If you have an ACS member number, please enter it here so we can link this account to your membership. (optional)

ACS values your privacy. By submitting your information, you are gaining access to C&EN and subscribing to our weekly newsletter. We use the information you provide to make your reading experience better, and we will never sell your data to third party members.


Biological Chemistry

Hhmi's Janelia Farm Sets Scientific Focus

Interdisciplinary institute is recruiting chemists to probe brain function, develop new imaging tools

by Amanda Yarnell
October 11, 2004 | A version of this story appeared in Volume 82, Issue 41

Credit: Raphael Viñoly Architects
Janelia Farm is being built on a 281-acre piece of land along the Potomac River. This artist's conception shows its glass-walled lab and office space.
Credit: Raphael Viñoly Architects
Janelia Farm is being built on a 281-acre piece of land along the Potomac River. This artist's conception shows its glass-walled lab and office space.

Howard Hughes Medical Institute - a nonprofit philanthropy that supports biomedical research - has settled on the scientific focus of Janelia Farm, its new $500 million freestanding research campus in northern Virginia. It's now recruiting some of the 300 biologists, chemists, physicists, computer scientists, and engineers who will work together at Janelia to determine how the healthy brain works and to develop new imaging tools.

"We are looking for scientists who are really passionate about working on these problems in this kind of collaborative, interdisciplinary environment," says Gerald M. Rubin, an HHMI investigator and University of California, Berkeley, biologist who will head the facility. "Our scientists will have unparalleled freedom and resources to explore those problems." He wants to fill Janelia—which will officially open its doors in the fall of 2006--with creative and risk-taking scientists who have all kinds of expertise, like a scientific Noah's Ark.

HHMI is best known for its investigator program, which generously funds the work of more than 300 scientists at 66 university campuses. With a firm belief in giving talented researchers the resources and flexibility to follow their scientific noses, HHMI has always prided itself on funding "people, not projects." And its model has proven successful: HHMI investigators have won Nobel Prizes in five of the past six years.

Credit: Paul Fetters For HHMI
Credit: Paul Fetters For HHMI

But HHMI--which currently has an endowment topping $11 billion--has decided that its investigator population has grown large enough. So the institute decided to try something different: build a highly collaborative, interdisciplinary research institute of its own.

At Janelia Farm, "we want to tackle risky problems that are difficult to address in existing research settings," Rubin says. After holding a series of discussion groups to identify high-risk, high-reward research areas, HHMI settled on two, both of which require collaborative, interdisciplinary teams.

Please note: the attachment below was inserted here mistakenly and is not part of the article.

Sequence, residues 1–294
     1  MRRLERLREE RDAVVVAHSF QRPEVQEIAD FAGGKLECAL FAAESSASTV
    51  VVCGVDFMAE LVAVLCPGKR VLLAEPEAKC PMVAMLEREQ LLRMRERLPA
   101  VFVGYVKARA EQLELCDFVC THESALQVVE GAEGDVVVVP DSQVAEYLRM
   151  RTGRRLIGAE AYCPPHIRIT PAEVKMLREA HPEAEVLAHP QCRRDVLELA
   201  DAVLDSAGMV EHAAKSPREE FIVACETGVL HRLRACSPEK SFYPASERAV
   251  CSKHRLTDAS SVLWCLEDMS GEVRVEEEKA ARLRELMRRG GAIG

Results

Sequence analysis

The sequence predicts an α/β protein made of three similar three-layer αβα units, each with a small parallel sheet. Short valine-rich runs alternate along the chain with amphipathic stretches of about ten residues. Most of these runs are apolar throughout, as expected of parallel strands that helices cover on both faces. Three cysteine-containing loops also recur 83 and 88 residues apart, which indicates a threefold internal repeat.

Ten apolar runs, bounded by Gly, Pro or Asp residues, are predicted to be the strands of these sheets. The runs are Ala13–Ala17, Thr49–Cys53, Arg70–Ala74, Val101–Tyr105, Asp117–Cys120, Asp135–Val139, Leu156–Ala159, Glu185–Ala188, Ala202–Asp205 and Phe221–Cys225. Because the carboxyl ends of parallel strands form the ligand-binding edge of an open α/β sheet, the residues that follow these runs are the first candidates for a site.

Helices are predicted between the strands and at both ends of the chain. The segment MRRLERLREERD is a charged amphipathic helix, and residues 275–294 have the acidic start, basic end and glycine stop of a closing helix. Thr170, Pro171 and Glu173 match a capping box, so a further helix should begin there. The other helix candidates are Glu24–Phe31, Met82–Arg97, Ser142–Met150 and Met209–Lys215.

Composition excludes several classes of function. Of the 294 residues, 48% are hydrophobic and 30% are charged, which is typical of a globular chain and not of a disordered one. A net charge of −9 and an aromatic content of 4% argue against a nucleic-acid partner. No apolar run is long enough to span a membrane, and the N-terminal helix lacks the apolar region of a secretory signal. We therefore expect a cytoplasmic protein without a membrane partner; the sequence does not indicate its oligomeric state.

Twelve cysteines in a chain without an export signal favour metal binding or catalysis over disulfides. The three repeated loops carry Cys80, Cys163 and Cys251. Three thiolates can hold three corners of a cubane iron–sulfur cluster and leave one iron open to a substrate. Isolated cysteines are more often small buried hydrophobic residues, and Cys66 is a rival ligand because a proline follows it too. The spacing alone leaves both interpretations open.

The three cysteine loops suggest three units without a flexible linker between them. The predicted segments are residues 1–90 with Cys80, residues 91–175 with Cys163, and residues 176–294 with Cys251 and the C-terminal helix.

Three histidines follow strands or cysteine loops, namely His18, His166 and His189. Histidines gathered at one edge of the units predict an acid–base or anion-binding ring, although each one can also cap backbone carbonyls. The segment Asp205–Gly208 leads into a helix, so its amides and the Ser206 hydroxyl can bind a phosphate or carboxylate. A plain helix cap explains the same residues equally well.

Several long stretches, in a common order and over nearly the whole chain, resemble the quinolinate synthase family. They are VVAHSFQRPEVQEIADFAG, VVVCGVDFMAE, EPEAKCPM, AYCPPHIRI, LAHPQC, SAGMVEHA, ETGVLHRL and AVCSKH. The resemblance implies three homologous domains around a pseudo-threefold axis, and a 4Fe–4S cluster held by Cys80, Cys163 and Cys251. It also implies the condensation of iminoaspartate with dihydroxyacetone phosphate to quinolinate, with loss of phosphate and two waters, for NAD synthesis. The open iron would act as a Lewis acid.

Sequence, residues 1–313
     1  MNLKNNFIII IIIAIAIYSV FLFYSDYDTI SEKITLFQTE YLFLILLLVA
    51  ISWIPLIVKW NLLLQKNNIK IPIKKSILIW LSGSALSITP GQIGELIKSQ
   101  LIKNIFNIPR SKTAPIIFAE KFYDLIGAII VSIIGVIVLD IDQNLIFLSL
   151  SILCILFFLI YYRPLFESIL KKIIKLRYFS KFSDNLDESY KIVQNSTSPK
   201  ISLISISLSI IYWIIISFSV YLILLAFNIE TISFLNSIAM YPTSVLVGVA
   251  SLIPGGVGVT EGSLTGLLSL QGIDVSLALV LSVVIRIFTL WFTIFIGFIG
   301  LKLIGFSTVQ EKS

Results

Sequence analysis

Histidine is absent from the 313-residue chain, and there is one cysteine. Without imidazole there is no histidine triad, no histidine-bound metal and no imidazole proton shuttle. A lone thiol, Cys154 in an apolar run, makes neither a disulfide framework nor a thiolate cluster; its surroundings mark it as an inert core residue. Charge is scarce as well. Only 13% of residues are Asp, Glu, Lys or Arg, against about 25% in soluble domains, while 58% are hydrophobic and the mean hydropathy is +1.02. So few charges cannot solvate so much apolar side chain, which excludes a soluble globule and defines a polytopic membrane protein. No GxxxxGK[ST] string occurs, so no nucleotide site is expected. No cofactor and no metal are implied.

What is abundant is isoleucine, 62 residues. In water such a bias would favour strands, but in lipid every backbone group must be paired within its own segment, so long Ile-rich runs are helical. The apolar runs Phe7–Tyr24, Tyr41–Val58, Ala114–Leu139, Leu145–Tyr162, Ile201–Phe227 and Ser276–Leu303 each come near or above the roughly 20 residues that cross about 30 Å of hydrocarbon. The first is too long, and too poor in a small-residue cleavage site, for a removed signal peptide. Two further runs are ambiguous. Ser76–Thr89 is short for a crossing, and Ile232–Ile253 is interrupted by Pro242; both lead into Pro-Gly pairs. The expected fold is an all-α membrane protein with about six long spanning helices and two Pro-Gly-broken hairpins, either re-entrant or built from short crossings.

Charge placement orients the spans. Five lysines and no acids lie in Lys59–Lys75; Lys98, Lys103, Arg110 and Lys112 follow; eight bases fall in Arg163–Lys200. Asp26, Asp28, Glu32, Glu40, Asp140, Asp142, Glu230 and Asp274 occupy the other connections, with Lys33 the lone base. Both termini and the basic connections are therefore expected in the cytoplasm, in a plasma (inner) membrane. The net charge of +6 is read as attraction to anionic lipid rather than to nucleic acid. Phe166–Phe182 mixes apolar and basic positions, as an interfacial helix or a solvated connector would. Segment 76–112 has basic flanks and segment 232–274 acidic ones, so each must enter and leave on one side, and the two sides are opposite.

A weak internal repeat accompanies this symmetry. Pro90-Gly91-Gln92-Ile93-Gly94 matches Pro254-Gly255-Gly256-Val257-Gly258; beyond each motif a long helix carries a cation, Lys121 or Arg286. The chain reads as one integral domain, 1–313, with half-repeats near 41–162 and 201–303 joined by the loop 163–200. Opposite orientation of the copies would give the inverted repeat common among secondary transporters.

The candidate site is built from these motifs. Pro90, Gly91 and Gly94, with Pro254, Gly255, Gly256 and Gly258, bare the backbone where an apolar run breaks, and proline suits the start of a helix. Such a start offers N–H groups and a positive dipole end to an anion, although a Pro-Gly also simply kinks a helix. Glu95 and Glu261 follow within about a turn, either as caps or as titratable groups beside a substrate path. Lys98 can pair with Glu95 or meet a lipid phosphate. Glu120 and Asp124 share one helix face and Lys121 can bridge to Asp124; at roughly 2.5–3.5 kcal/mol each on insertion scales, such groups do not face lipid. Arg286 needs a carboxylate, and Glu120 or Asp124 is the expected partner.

The first is the identification of the general principles that govern the processing of information by groups of neurons in the brain. Janelia Farm scientists will attempt to understand in complete anatomical and mechanistic detail how the brain controls a complex task such as eating, walking, courtship, or learning. These studies will likely be carried out in flies, fish, mice, or other animal models.

Janelia's second goal will be to develop new imaging technologies and computational methods for image analysis. The design of new tools for functional imaging in living systems at single-cell resolution is of particular interest, Rubin says.

Rather than an about-face, Rubin sees HHMI's ambitious project as an extension of the organization's long-term mission "to free creative scientists from the constraints that limit their ability to do groundbreaking research." Researchers at Janelia Farm won't be burdened with grant writing or teaching responsibilities, he notes. And perhaps most important, "scientists won't be saddled with the pressure to be true to their disciplines," Rubin says.

Instead, collaboration and interdisciplinarity will be actively encouraged. Rubin hopes Janelia will follow in the footsteps of AT&T's Bell Laboratories in Murray Hill, N.J.--which brought us the laser and the transistor--and the Medical Research Council Laboratory of Molecular Biology in Cambridge, England, whose researchers cracked the structure of DNA and developed a way to sequence it.

AS AT BELL LABS and the MRC lab, research at Janelia will be funded internally at a generous level. Groups will be kept small--fewer than six people each--and will self-organize into larger collaborative teams as needed. Whether young hires or established scientists, group leaders will be active bench scientists. Staff turnover will be high, and tenure won't be awarded. Staff will be evaluated internally, judged on their originality, creativity, collegiality, and perceived potential, not on how many papers they publish or their short-term productivity.

Eventually, Janelia Farm will be home to about two dozen group leaders and a research staff of 300, including graduate students, postdocs, and "fellows"--independent researchers who will work with one or two other scientists. The campus will also host visiting scientists and research teams who want to make use of Janelia Farm's facilities.

"Success in these areas is not guaranteed, and it will take a good deal of intellectual courage, but the impact could be enormous," Rubin says. He notes that Janelia Farm isn't limiting its search to chemists currently working in these areas, but those who will be hired are the creative thinkers who buy into these problems.



This article has been sent to the following recipient:

Chemistry matters. Join us to get the news you need.